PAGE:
Paratene Te Okawhare

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  • The Lore of the Whare-wananga: or, Teachings of the Māori College on Religion, Cosmogony, and History. Written down by H. T. Whatahoro from the teachings of Te Matorohanga and Nepia Pohutu, priests of the Whare-wananga of the East Coast, New Zealand. English trans. S. Percy Smith. Vol. 1. - Te Kauwae-runga, or ‘Things Celestial.’ New Plymouth, N.Z.: Printed for the [Polynesian] Soc. by Thomas Avery, 1913. Rpt. New York: AMS Press, 1978.
  • S. Percy Smith writes that these two volumes emerged after a hui in the Wairarapa District in the late 1850s decided that three Māori tohunga Te Matorohanga, Nepia Pohuhu and Paratene Te Okawhare should teach the early history of the Māori in New Zealand and that this information should be recorded by H. T. Whatahoro and Aporo Te Kumeroa. Whatahoro then kept his notes for fifty years before S. Percy Smith made a copy of the original documents as did the tribal Committee ‘Tane-nui-a-rangi’. The volumes, written in the original Māori text by Whatahoro with transcription and English translation by S. Percy Smith, contain two bodies of information: Volume One deals with Te Kauwae-runga - ‘Things Celestial’ and Volume Two discusses Te Kauwae-raro - ‘Things Terrestrial’. The six chapters in Volume One comprise a detailed account of the construction of a Whare-wananga and its ritual and teaching. The tohunga also describe Te Po [or ages of darkness], the Whare-Maire and the Whare-Porukuruku, the Pou-Tiri-Ao [or guardian angels or spirits], and Io-Matua, the supreme god. The following chapters outline the names of the twelve heavens, describe the marriage of Ranginui and Papatuanuku and the creation of their seventy offspring, recount the ages of Nga Po [darkness or chaos], and the separation of Rangi and Papa, describe and list the apas [or messengers] of the gods, the separation of the dwellings of the gods, the sanctification of Tane and Tupai and other activities of Tane, the three baskets [or kete] of knowledge and two stones, wars of the gods, and the creation of the world and humankind with a whakapapa from Tane-matua though to Ngatoroirangi. Stories of the gods follow plus astronomical notes. It concludes with some accounts of Maui and Mataoro.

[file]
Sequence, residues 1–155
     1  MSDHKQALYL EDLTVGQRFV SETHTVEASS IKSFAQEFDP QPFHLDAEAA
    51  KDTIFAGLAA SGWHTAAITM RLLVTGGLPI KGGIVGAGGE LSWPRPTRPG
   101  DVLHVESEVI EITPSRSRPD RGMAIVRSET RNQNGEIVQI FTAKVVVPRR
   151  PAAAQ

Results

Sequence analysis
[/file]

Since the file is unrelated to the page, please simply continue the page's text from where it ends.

• The Lore of the Whare-wananga; or Teachings of the Māori College on their History and Migrations, etc. Written down by H. T. Whatahoro from the teachings of Te Matorohanga and Nepia Pohutu and other priests of the Whare-wananga of the East Coast, N.Z. Trans. and annotated by S. Percy Smith. Vol. 2. Te Kauwae-raro, or Things Terrestrial. New Plymouth, N.Z.: [Polynesian Soc.], 1915.